Colorectal cancer: Clinical (To be retired)

Diverticular disease: Clinical (To be retired)

Anal conditions: Clinical (To be retired)

Cirrhosis: Clinical (To be retired)

Breast cancer: Clinical (To be retired)

Laxatives and cathartics


Acid reducing medications

Hematology and oncology

Anemia: Clinical (To be retired)

Anticoagulants: Warfarin

Anticoagulants: Direct factor inhibitors

Antiplatelet medications

Infectious diseases

Pneumonia: Clinical (To be retired)

Urinary tract infections: Clinical (To be retired)

Skin and soft tissue infections: Clinical (To be retired)

Protein synthesis inhibitors: Aminoglycosides

Antimetabolites: Sulfonamides and trimethoprim

Miscellaneous cell wall synthesis inhibitors

Protein synthesis inhibitors: Tetracyclines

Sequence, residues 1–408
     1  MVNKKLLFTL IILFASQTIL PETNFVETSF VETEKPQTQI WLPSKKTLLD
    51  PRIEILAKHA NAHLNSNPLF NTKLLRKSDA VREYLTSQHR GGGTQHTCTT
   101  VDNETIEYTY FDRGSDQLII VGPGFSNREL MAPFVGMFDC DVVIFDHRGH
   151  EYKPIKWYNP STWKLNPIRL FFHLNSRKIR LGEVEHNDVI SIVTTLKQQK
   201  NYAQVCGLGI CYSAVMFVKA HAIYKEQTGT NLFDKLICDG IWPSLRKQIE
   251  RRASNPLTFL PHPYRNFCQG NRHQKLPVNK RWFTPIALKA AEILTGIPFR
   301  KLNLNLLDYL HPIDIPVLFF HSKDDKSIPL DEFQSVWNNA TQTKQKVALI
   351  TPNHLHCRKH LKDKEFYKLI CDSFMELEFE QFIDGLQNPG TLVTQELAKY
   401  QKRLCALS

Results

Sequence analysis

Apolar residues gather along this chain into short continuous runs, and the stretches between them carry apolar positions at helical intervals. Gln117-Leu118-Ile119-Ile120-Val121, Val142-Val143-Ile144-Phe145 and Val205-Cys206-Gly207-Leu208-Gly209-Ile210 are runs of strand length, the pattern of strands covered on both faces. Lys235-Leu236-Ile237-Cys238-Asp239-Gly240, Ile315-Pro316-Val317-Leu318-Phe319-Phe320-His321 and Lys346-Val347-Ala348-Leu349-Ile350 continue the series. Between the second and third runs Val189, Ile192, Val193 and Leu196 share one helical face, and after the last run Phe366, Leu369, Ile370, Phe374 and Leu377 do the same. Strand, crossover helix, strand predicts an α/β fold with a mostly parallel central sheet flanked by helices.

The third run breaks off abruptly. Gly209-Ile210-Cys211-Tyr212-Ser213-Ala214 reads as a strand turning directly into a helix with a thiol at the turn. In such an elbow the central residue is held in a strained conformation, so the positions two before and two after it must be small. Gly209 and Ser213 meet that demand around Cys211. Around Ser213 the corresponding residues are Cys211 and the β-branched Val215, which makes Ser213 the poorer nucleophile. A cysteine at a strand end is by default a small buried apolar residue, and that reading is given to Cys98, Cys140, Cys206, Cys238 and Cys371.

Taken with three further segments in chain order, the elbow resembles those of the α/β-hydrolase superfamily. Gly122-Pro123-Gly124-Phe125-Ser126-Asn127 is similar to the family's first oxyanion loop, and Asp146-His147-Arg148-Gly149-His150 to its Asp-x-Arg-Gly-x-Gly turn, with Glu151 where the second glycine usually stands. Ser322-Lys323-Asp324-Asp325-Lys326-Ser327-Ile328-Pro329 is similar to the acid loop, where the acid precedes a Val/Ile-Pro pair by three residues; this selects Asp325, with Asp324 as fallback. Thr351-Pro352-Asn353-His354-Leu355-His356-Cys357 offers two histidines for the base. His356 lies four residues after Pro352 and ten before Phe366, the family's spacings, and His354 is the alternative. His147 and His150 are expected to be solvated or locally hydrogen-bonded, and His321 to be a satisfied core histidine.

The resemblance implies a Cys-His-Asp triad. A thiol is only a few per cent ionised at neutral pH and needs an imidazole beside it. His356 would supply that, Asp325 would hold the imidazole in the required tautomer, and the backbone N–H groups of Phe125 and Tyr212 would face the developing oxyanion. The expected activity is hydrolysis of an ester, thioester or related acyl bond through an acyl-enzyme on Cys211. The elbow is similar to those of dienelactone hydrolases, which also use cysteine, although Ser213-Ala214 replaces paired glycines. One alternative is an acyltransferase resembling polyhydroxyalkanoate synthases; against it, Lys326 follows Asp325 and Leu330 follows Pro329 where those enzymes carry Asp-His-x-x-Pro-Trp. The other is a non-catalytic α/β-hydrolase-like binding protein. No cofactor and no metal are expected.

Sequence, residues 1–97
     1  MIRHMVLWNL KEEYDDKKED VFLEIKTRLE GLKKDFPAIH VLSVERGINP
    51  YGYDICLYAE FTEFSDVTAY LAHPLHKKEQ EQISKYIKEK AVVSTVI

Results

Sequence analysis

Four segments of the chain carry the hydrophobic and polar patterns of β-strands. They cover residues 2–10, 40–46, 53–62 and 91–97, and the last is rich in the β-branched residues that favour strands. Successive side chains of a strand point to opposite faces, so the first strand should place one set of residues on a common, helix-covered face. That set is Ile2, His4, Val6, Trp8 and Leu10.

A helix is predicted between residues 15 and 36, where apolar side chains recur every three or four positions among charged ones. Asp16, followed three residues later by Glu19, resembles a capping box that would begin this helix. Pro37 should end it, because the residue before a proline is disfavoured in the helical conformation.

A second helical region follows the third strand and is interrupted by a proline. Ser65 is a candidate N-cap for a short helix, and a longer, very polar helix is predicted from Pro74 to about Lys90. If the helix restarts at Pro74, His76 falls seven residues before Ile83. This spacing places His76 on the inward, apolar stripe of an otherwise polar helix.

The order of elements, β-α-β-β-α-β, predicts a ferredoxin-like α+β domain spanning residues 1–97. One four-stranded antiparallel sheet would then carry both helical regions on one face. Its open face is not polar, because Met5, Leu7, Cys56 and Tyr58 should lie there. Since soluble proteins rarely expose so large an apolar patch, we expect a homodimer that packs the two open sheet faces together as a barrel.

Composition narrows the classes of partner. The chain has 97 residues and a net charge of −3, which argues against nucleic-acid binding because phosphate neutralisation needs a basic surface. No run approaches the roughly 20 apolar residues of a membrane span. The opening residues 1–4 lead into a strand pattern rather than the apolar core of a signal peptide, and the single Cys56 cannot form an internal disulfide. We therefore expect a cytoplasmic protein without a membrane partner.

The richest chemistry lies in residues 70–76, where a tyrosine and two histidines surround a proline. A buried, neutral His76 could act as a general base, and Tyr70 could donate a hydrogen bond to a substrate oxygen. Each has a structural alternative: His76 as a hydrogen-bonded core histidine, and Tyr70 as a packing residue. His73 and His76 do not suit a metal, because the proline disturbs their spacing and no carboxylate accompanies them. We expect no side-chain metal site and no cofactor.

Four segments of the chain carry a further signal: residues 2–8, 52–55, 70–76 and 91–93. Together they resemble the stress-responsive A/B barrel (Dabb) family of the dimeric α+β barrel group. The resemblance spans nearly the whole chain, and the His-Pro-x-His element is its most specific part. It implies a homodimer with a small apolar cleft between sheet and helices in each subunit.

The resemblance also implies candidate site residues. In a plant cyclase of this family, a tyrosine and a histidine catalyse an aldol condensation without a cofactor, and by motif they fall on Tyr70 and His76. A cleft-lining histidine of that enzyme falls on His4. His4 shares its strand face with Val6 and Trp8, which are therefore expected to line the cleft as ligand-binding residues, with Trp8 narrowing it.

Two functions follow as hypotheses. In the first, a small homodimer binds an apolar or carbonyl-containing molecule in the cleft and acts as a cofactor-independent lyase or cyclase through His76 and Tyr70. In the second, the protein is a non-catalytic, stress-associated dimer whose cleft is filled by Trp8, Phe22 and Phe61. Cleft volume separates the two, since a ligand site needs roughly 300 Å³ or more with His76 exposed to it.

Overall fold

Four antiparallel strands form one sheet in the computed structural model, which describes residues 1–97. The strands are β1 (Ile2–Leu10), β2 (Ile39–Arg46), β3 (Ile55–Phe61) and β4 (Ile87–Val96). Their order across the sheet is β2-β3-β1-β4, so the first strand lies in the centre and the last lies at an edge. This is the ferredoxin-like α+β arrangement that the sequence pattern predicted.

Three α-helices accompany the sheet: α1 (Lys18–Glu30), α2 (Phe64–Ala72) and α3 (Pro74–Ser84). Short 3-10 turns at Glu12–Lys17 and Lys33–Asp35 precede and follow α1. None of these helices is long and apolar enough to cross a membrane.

Cell wall synthesis inhibitors: Penicillins

Miscellaneous protein synthesis inhibitors

Cell wall synthesis inhibitors: Cephalosporins

DNA synthesis inhibitors: Metronidazole

DNA synthesis inhibitors: Fluoroquinolones

Herpesvirus medications



Miscellaneous antifungal medications

Anti-mite and louse medications

Nephrology and urology

Chronic kidney disease: Clinical (To be retired)

Kidney stones: Clinical (To be retired)

Urinary incontinence: Pathology review

ACE inhibitors, ARBs and direct renin inhibitors

PDE5 inhibitors

Adrenergic antagonists: Alpha blockers

Neurology and neurosurgery

Stroke: Clinical (To be retired)

Lower back pain: Clinical (To be retired)

Headaches: Clinical (To be retired)

Migraine medications

Pulmonology and thoracic surgery

Asthma: Clinical (To be retired)

Chronic obstructive pulmonary disease (COPD): Clinical (To be retired)

Lung cancer: Clinical (To be retired)

Antihistamines for allergies

Bronchodilators: Beta 2-agonists and muscarinic antagonists

Bronchodilators: Leukotriene antagonists and methylxanthines

Pulmonary corticosteroids and mast cell inhibitors